23 April 2015

Ugly Mugs

Whenever you see a fundraising campaign, the charity beneficiaries always seem to be the same.  Whilst charities such as Cancer Research and the Save the Children Fund are vital, many smaller charities are helping people and saving lives that most have never heard of. 
It is so important that these smaller charities receive exposure too as they need funding too.  With this in mind, today I want to highlight a charity called "National Ugly Mugs" which aims at protecting sex workers from violent offenders. 
The term Ugly Mugs was first developed in Australia in 1986, where the phrase ‘ugly mugs’ was used to describe punters who became violent.  They understood that distributing descriptions of ‘ugly mugs’ could warn other sex workers and help to keep them safe.  The first schemes in the UK were started in 1989 in two cities and are now run nationwide.

So why should you care about the lives of sex workers?
Since 1990, 149 sex workers have been murdered in the UK.   A study undertaken by the Home Office shows that more than half of women in prostitution have been raped and or seriously assaulted and at least 75% have been physically assaulted.  Those figures would pose a significant argument for crimes against sex workers being treated as hate crime.

A report by the Trussell Trust has showed an appalling rise of 163% in people having to utilise food banks, with nearly one million adults and children being forced to access them in the last year.  The austerity measures implemented by the Government has forced many people into looking for alternative ways to make ends meet and for some, this can lead to sex work.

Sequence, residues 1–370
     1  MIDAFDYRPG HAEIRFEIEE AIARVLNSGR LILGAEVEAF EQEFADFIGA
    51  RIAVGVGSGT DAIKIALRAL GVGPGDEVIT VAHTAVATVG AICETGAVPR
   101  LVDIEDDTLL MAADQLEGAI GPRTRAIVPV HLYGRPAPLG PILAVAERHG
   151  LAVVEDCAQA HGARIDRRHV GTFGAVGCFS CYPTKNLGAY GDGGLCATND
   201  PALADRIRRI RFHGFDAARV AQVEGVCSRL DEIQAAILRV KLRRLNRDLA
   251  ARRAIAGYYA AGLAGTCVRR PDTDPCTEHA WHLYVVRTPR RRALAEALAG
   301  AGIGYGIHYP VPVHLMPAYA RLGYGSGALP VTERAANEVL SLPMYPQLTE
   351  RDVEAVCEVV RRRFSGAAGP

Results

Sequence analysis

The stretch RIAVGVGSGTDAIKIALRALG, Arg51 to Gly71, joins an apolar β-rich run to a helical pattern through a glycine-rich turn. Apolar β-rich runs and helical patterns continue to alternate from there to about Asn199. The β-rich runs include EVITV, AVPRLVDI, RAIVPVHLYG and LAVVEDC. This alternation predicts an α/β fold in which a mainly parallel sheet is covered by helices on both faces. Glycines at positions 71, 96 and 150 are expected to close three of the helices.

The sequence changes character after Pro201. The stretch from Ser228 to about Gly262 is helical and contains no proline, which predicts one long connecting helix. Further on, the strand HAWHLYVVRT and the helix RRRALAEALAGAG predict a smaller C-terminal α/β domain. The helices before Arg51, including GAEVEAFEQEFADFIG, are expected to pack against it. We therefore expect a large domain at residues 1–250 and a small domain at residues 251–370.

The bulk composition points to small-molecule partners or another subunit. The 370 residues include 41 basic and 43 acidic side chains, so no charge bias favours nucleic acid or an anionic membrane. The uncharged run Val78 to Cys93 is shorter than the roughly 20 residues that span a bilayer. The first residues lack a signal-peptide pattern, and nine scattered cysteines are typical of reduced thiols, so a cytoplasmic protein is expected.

The atypical image of a sex worker is a scantily dressed woman on a street corner but the truth often is, especially in the current climes, that it could also easily be your next door neighbour; un-noticeable to a passer-by in the street.

The Home Office study shows that 74% of women in sex work identified paying household expenses and supporting their children as being the primary instigators in being drawn into sex work.

Everyone deserves help and everyone deserves support.  You cannot impose a moral line on safety.  It is only with schemes like the National Ugly Mugs that sex workers are feeling more confident about coming forward and reporting crime because of the stigma involved and the worry that they will not be taken seriously.

Alex Bryce, Director of Services at National Ugly Mugs has said: